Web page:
University of Iowa Hospitals and Clinics Transforms the O.R.
Accessible, predictive analytics for far fewer infections
In the United States, roughly one in 20 patients admitted to a hospital develops an infection. According to the US Centers for Disease Control and Prevention, surgical site infections are the most common, accounting for more than 30 percent of occurrences, and putting patients at risk for illness, prolonged hospitalization, and death. In addition, the total cost of hospital-acquired infections is estimated at $10 billion per year. Therefore, reducing infections has major implications for overall patient health as well as hospital cost savings.
Surgeons at the University of Iowa Hospitals and Clinics, one of the most highly regarded medical facilities in the US, wanted to know when patients were susceptible to surgical infections so they could make critical treatment decisions in the operating room.
Dr. John Cromwell, director of gastrointestinal, minimally invasive, and bariatric surgery, believed that use of predictive analytics could prevent a high percentage of surgical site infections and decrease healthcare costs. He had used predictive analytics previously, however, and realized that the division's desktop analytics environment could not handle large distributed data volumes. The team faced a major roadblock in the sheer multiplicity of sources. Yet connecting to them is a prerequisite for valuable analytics, as was a robust way of deploying analytics to frontline staff.
To improve quality of care, the team needed a flexible, enterprise-grade, advanced analytics platform that encompassed the entire analytics lifecycle—from data aggregation and preparation, to model development, deployment, and monitoring.
Jose Maria Monestina, senior application developer at UI Hospitals and Clinics, was charged with implementing TIBCO Statistica™ technology that would predict outcomes for Cromwell's team.
"Dr. Cromwell has a unique approach to predictive analytics because he uses patient healthcare data, historical data to create predictive models, and real-time data. This combination has allowed us to deliver predictive analytics in a real-time environment to improve healthcare."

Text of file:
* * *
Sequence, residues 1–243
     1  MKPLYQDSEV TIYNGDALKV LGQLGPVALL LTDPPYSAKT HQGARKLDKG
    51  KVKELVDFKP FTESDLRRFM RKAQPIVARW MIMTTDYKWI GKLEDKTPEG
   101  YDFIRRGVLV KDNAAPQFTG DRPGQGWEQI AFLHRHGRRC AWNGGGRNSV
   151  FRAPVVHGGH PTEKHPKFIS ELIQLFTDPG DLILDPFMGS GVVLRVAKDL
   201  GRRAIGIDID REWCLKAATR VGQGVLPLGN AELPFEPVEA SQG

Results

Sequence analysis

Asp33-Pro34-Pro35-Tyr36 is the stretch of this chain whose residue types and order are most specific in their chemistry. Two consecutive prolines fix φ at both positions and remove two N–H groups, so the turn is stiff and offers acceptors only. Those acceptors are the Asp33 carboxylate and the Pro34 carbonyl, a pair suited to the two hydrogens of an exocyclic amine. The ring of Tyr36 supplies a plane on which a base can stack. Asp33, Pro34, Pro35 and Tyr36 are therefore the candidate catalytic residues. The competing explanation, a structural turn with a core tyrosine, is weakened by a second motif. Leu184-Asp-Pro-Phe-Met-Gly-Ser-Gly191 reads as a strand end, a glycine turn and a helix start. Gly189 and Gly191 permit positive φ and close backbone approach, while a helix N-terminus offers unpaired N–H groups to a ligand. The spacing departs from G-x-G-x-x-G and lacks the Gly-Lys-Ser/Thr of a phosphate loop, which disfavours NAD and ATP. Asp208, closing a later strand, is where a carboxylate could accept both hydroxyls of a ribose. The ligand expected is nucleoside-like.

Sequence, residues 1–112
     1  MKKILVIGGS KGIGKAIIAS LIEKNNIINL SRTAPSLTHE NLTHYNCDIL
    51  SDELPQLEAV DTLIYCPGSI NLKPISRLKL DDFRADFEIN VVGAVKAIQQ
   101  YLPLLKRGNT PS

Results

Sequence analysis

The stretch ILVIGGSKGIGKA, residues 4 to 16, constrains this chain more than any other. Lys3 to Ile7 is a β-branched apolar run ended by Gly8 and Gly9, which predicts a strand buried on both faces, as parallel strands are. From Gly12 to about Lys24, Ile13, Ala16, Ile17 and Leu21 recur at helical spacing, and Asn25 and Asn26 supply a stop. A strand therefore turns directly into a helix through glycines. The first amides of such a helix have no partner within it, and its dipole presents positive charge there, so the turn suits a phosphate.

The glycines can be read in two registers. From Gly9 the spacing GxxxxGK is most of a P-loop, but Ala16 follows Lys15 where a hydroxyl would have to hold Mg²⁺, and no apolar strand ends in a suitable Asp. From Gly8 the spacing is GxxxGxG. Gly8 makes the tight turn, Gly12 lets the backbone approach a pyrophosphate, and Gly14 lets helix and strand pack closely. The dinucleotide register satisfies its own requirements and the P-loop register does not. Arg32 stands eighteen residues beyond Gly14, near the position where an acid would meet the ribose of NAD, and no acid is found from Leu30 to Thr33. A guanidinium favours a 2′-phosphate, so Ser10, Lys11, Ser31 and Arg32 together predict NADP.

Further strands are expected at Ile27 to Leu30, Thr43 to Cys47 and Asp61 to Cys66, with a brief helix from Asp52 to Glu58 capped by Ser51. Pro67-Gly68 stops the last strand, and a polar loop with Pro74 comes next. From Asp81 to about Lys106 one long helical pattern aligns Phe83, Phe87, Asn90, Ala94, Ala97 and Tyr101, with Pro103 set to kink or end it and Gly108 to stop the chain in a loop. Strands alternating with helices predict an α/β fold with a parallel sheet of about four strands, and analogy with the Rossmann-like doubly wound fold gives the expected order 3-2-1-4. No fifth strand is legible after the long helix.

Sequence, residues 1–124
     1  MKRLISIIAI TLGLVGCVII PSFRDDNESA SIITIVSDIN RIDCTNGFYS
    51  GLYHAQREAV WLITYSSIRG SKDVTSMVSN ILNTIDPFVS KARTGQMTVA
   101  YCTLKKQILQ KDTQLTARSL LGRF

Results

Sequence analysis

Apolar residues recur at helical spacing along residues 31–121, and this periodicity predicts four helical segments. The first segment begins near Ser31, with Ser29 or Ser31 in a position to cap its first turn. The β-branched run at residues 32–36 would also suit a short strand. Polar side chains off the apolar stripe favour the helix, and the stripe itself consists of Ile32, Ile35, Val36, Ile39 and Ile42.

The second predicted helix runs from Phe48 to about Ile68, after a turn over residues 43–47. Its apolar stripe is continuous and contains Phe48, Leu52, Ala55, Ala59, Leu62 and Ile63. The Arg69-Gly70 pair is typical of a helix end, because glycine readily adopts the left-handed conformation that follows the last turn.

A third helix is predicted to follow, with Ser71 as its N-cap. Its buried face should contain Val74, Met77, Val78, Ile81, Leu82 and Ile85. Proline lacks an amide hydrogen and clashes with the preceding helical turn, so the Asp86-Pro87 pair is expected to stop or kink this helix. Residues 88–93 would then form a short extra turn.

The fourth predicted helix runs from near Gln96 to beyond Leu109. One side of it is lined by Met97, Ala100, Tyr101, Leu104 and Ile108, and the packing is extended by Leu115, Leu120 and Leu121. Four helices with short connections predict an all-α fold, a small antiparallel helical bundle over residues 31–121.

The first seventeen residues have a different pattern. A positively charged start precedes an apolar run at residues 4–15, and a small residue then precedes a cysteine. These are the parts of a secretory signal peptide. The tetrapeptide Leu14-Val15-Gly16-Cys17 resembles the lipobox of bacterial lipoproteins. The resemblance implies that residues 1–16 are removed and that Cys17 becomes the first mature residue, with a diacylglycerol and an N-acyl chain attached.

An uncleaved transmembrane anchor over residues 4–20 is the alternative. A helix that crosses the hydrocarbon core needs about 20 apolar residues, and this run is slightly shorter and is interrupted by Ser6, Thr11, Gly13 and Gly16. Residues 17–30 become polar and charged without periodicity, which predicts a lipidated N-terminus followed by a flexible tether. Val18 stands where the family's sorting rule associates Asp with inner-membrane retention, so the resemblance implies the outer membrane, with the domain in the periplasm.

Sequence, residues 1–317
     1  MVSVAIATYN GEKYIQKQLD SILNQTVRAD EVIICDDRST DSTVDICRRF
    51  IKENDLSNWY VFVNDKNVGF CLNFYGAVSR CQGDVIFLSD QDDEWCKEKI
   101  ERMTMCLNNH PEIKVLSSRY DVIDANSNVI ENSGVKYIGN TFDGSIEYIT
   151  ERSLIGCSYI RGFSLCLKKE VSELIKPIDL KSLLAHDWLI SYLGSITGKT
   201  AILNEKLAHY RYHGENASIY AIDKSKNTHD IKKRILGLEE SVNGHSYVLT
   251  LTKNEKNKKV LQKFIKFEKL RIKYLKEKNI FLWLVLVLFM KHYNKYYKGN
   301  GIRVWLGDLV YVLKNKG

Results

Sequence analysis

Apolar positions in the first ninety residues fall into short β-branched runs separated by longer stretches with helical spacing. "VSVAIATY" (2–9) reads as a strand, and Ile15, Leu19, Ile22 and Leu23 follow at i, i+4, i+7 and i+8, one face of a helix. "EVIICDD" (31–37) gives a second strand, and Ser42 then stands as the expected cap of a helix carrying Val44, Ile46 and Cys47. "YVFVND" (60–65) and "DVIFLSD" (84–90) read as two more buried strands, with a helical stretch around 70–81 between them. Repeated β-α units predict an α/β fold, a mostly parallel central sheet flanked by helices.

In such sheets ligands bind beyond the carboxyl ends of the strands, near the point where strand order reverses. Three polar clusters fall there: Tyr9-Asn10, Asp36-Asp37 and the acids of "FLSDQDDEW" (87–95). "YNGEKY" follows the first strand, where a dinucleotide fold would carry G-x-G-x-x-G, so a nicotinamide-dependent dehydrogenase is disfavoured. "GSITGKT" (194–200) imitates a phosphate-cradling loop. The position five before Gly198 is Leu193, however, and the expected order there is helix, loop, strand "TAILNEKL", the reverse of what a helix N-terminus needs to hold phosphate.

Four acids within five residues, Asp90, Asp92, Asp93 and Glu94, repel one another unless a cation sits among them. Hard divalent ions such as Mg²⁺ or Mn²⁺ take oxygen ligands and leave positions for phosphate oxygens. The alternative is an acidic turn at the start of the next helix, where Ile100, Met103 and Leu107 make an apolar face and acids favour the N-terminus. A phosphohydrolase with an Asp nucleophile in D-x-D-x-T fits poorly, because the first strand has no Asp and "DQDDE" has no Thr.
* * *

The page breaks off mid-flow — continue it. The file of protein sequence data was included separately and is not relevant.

Broad Data Aggregation for Individualized, Data-Driven Decisions
The first step was to connect to the disparate enterprise systems and bring the data into a common data set with embedded analytical tools, moving from desktop to enterprise analytics, and turning prediction theory into a life-enhancing reality in the operating room. "We have complex workflows, and different data sources," explains Mr. Monestina.
"We take information from electronic medical records and other enterprise sources, including real-time data from the operating room, to determine whether patients are likely to get a surgical site infection,” says Dr. Cromwell. "This allows us to modify and individualize the type of preventive care we're delivering, in real time."
Real-Time Preventive Care, Drastically Reduced Infection
"Predictive analytics is allowing us to manage the ever-increasing types of data that healthcare institutions are tasked with," says Dr. Cromwell. "The number of sources continues to increase rapidly, and the Statistica tools allow us to keep track of the various models we need for that type of exercise."
Running predictive models, the team can anticipate which patients are at risk for surgical site infections before they occur. Predictions can be stored for future analysis to aid in follow-up patient care.
"Using these tools and other methods, we've been able to reduce surgical site infections by about 58 percent. "That's a revolutionary concept in gastrointestinal surgery."
Accessible, Flexible Analytics Deployment
"A small group of people can now deliver predictive analytics," says Mr. Monestina. "Statistica simplifies deployment, execution, sharing of models, and analysis of the data—all in one package. You can store the data model in a server and then reuse it. You can share the data models across the research group. You are not bound to a specific PC or a server. You can run those models using a mobile application or a web browser and access the results."
"Big data and predictive analytics are transforming outcomes at virtually every point in patient care," says Cromwell. "We see so many other areas where this could be useful, including drug delivery, population health, managing patient flow, and every other aspect of medicine that allows us to deliver high-quality healthcare."